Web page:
The rupee climbed to the highest level in almost eight months as foreigners stepped up purchases of Indian assets on speculation the election of a new government will hasten the nation’s economic recovery.
Global funds pumped $3.5 billion into Indian stocks and debt this month, exchange data show. Inflation has eased, according to official figures, and the government projects faster growth and narrower deficits. The opposition Bharatiya Janata Party is leading in opinion polls before elections due to start next month, as voters punish the ruling Congress for corruption scandals and the slowest growth in a decade.
“Overall fundamentals are improving for India and there’s a market perception that a BJP win could be good for inflows,” said Hamish Pepper, a strategist at Barclays Plc in Singapore. “This is a very positive time for the rupee.”
The currency rose 0.5 percent to 60.48 per dollar in Mumbai, prices from local banks compiled by Bloomberg show. It touched 60.4275, the strongest level since Aug. 1. One-month implied volatility, a gauge of expected moves in the exchange rate used to price options, fell eight basis points, or 0.08 percentage point, to 9.15 percent.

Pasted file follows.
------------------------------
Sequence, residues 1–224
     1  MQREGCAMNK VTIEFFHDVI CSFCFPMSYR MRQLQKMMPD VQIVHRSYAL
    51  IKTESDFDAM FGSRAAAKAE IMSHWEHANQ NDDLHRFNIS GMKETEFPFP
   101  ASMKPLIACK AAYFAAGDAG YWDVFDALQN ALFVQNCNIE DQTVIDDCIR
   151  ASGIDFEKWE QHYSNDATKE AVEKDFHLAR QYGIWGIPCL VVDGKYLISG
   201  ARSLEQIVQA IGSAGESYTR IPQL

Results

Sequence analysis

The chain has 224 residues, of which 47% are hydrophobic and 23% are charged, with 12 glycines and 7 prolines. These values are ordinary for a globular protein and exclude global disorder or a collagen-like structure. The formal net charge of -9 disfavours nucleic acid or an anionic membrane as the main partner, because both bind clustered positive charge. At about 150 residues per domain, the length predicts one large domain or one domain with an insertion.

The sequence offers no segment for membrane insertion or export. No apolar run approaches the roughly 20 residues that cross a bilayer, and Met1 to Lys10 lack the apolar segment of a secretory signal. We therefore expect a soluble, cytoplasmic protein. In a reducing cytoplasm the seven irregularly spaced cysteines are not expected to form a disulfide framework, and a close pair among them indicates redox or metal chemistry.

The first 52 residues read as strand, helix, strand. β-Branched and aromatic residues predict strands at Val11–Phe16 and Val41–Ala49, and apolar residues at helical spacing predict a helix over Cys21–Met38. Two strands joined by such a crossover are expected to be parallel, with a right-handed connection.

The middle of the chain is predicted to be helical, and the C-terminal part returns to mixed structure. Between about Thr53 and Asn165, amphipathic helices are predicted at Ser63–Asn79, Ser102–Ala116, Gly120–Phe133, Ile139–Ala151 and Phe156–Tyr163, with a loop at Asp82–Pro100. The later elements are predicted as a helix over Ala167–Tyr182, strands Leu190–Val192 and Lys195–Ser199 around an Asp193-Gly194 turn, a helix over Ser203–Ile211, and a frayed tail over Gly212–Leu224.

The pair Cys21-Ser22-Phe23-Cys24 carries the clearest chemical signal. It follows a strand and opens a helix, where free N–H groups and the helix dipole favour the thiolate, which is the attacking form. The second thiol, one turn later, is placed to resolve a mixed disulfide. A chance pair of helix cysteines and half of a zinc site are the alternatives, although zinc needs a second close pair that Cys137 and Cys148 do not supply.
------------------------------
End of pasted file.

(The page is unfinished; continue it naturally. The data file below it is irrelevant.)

The yield on the 8.83 percent sovereign bonds due November 2023 was little changed at 8.788 percent compared with 8.784 percent yesterday, according to the central bank’s trading system.
The monetary authority will keep its benchmark repurchase rate at 8 percent at an April 1 review, according to 22 of 23 economists in a Bloomberg survey. One sees an increase to 8.25 percent. Consumer price-inflation eased to a two-year low in February and wholesale prices rose by the least in nine months, official reports showed.
India’s current-account deficit will be kept below $40 billion in the year through March 31 compared with a record $88 in the previous year, Finance Minister Palaniappan Chidambaram said March 7. The budget gap will narrow to 4.6 percent from 4.9 percent, he estimated in February. Gross domestic product is projected to grow 4.9 percent, faster than the previous period’s 4.5 percent that was the slowest since 2003.
Three-month offshore non-deliverable forwards strengthened 0.5 percent to 61.62 per dollar. Forwards are agreements to buy or sell assets at a set price and date. Non-deliverable contracts are settled in dollars.